Where is your lead in the cycle? Primed and ready to purchase

What will appeal to leads at this stage? Work/product samples and price quotes, good reviews from happy customers, and booking sales calls

What type of content/activity will encourage customer action?

  • Conversational marketing (following up and answering customer questions)
    • A team quick on its feet to get back to customer inquiries (According to a study by Lead Connect, 78% of customers buy from the first brand to respond to their questions.)
  • Positive reviews on major third-party sites
  • Product demos if they make sense for your brand

4. Loyalty

The loyalty stage doesn’t exist in the traditional sales funnel, but it’s incredibly important for longevity and profitability online. Instead of spitting out your customers after they purchase, lifecycle marketing keeps them in the loop. It’s about providing consistent value through content, touching base with them with conversational marketing, and maintaining that relationship you already built. This is how you earn loyal brand advocates.

Earn loyal brand advocates by providing consistent value through #content, says @JuliaEMcCoy. Click To Tweet

Where is your lead in the cycle? Delighted, satisfied, and ready to refer/recommend you

What will appeal to leads at this stage? Fantastic service and great products, friendly follow-ups, addressing any possible dissatisfaction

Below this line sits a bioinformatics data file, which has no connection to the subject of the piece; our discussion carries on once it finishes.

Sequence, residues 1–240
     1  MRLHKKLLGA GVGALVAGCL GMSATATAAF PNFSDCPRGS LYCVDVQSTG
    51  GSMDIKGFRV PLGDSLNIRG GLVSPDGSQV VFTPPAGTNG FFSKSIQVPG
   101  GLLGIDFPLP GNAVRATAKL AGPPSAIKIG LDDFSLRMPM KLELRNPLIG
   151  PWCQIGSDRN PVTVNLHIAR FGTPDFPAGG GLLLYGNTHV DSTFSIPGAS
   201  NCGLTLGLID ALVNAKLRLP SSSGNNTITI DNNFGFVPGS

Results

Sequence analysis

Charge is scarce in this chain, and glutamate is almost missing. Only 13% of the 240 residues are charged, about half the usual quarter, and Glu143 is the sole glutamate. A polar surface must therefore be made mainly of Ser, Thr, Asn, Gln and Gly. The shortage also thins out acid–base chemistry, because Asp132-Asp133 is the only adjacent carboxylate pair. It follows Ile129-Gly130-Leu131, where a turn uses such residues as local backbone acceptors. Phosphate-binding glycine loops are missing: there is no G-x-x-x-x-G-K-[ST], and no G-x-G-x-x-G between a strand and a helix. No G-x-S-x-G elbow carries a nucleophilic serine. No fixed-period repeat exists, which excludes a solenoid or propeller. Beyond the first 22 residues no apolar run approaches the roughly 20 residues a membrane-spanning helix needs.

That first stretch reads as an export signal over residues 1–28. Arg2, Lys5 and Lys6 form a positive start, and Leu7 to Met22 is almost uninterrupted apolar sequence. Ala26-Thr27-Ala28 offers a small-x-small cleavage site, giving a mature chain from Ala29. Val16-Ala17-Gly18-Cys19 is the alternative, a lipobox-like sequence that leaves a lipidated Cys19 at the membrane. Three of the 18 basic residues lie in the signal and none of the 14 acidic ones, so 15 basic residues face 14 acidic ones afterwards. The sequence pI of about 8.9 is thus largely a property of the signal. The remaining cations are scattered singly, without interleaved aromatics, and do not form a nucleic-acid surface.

What type of content/activity will encourage customer action?

  • Regular follow-ups
  • Thank-you gifts
  • Email marketing with content updates
  • Releases of new products or offerings
  • Combination of great service and great products

Marketing lifecycle is a better framework for online buyer’s journey

Which model would you rather have as part of your marketing strategy: (1) One that’s 120 years old and speaks to buyers making purchase decisions in person or (2) One that directly correlates to the online buyer’s journey, that aligns with the warmth of content marketing, and guides you on what to create to keep prospects in your circle?

Lifecycle marketing is not easy, but it’s a better way to serve your customers who are looking for value and brands they can trust. Companies that provide quality content and service at each stage will rise above and beyond, and will ignite loyalty in their customers, who will become devoted fans and advocates.

And that’s better for everyone.

Whether it’s recognizing the shortcomings of the sales funnel or finding a better avenue for your content marketing to deliver what your audience needs, 2019 is a great opportunity to learn. Register today for Content Marketing World this September for the best available rates. Use code BLOG100 to save an additional $100. 

Cover image by Joseph Kalinowski/Content Marketing Institute

Author: Julia McCoy

Julia McCoy is a serial content marketer, entrepreneur, and author. She founded a multi-million dollar content agency, Express Writers, with nothing more than $75 at 19 years old. Today, Julia has been named an industry thought leader in content marketing by Forbes, is the author of two bestselling books, and creator of The Content Hacker, a resource for growth-focused content marketers. Julia's latest book, a nonfiction narrative memoir, Woman Rising, launches in February of 2020. Follow her on Twitter @JuliaEMcCoy.